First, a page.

After just about two years, all schools reopened for face-to-face learning this week. There was a collective sigh of relief, I think, among schools, parents – and the students themselves, who have been struggling with all kinds of pressures since the COVID-19 pandemic began. Today (March 10) is the second anniversary of the confirmation of the very first COVID case in Jamaica. By that time, it had been pretty much expected to arrive; but little did we know what a roller coaster ride we were in for, two years ago.
There are important issues to tackle as schools reopen fully – besides critical learning issues. One of these is nutrition. The Jamaica Youth Advocacy Network (JYAN) has taken on this issue that is so important for the future health of Jamaicans and which has been an issue of concern for years (please read fellow blogger Dennis Jones’ 2014 post here). Hunger is a reality for many Jamaicans; and for many children, the school meal is often the only good meal they will have for the day.
Below is JYAN’s press release, followed by a commentary by one of their advocates, a medical student. Should we be concerned that the Government is planning to divest Nutrition Products Limited, which manufactures and distributes school meals? I think perhaps we should.
Please pardon the pun – but this is definitely “food for thought”… Read JYAN’s list of recommendations here and sign JYAN’s petition, calling on the Ministry of Education, Youth and Information to “prioritize the total wellbeing of students and ensure they are also protected from unhealthy foods in the school environment.”
International School Meals Day 2022: Celebrating School Meals Sharing ideas, stories and experiences of the past, present, and future
KINGSTON, March 9, 2021 – On the eve of Independence in 1962, malnutrition was the largest single cause of death in Jamaica for children under one (Ashworth and Waterlow, 1974, p. 6). Although we have made great strides in reducing child malnutrition since independence, Jamaica still faces a double burden of malnutrition, with children facing undernutrition caused by lack of access to healthy, safe food, and also suffering from NCDs as a result of overconsumption of ultra processed foods. In Jamaica, one in eight persons has diabetes, and one in three has hypertension.
The Jamaica Youth Advocacy Network (JYAN) remains concerned about the nutrition status of children in Jamaica, and joins with the international community in Celebrating International School Meals Day 2022 by examining the history and traditions of school nutrition, paying attention to our present situation, and advocating for a better future for child health and nutrition in Jamaica.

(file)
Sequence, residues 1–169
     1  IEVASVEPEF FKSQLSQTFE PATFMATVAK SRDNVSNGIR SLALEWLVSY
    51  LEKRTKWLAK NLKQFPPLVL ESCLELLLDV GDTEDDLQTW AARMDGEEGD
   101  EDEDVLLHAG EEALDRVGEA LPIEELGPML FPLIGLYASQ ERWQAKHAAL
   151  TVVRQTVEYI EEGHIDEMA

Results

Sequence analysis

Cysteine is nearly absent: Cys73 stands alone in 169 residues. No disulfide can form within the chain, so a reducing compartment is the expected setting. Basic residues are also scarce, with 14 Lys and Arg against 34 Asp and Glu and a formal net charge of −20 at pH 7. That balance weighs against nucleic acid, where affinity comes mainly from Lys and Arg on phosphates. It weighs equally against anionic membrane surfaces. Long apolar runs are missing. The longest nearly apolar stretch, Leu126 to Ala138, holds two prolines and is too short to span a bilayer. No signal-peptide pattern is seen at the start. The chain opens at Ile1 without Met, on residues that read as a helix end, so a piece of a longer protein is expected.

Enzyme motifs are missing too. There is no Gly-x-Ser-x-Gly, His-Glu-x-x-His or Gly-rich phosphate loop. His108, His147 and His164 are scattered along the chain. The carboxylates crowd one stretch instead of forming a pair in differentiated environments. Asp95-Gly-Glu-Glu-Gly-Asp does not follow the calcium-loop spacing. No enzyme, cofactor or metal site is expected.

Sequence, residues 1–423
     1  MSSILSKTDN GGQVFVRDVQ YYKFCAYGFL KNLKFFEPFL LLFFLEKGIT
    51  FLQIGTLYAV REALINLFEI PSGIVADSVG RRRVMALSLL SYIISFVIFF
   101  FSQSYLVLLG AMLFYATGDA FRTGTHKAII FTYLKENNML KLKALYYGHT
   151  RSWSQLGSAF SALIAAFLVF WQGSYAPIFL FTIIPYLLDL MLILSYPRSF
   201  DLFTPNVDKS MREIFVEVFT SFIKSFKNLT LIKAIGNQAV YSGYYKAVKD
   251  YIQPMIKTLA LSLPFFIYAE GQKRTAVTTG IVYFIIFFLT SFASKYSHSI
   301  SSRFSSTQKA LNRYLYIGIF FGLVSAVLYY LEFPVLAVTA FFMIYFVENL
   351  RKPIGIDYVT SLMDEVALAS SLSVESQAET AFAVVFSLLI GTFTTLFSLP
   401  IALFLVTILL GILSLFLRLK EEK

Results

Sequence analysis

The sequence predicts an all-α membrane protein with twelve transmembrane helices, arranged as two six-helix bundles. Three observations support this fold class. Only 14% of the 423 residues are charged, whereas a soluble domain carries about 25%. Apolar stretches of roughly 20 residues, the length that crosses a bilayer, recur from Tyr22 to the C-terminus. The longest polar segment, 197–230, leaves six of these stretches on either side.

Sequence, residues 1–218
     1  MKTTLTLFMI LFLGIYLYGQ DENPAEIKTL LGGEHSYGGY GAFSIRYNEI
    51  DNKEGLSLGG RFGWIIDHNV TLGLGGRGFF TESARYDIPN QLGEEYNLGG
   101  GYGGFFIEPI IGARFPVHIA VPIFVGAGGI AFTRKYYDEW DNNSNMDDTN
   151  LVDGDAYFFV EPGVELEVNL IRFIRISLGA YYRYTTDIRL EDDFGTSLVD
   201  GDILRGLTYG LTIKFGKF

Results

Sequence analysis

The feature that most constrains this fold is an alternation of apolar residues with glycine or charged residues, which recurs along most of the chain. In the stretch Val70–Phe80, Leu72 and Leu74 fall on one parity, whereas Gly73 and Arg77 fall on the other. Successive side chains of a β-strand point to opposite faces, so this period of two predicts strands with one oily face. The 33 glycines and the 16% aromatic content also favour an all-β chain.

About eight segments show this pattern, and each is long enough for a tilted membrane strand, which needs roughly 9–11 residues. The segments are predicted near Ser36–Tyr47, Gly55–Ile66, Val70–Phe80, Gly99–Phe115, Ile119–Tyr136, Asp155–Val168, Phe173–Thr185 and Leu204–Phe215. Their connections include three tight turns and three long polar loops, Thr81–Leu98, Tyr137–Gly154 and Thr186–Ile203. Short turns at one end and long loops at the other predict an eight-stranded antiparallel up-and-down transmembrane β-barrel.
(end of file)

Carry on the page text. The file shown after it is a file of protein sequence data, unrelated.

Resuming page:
The National School Feeding Programme, run by the Government of Jamaica through Nutrition Products Limited (NPL), is undoubtedly one of the fondest school meal traditions that many Jamaicans have. The programme is also partly responsible for the fact that child malnutrition did not increase during the 1970s, in an environment of general economic decline. At present, directives from the GoJ dictate that NPL produce a wider variety of products, provide fruit juice and water instead of sugar sweetened drinks and milk, and reduce the sugar content of the famous nutri-bun.
We should be concerned, however, that the Government of Jamaica is divesting the manufacturing and distribution aspects of NPL, signaling the end of a state run and funded school feeding programme. In an environment where 70% of Jamaicans do not have resources or access to safe and nutritious food, and recognizing the importance of the school feeding tradition in encouraging attendance and boosting performance, especially among the nation’s most disenfranchised, what will our future look like? What will be provided as food options for students? How will we guarantee that healthy products will be provided? Will students now have to pay for the food provided under this programme? How much will they be required to pay?
In any event, the decision to divest further highlights the need to have a school nutrition and wellness policy that will create guidelines for school meals, and for companies that are contracted to provide school food both for the school feeding programme, and in the wider school retail environment.
Now, more than ever, our children’s future depends on it.
To learn more about health and nutrition issues affecting young people, visit www.youthadvocateja.org/health-nutrition. For further information, contact: SHEREIKA MILLS – Policy & Advocacy Officer, Jamaica Youth Advocacy Network (JYAN) email@example.com | 876-410-8258
Thoughts on Nutrition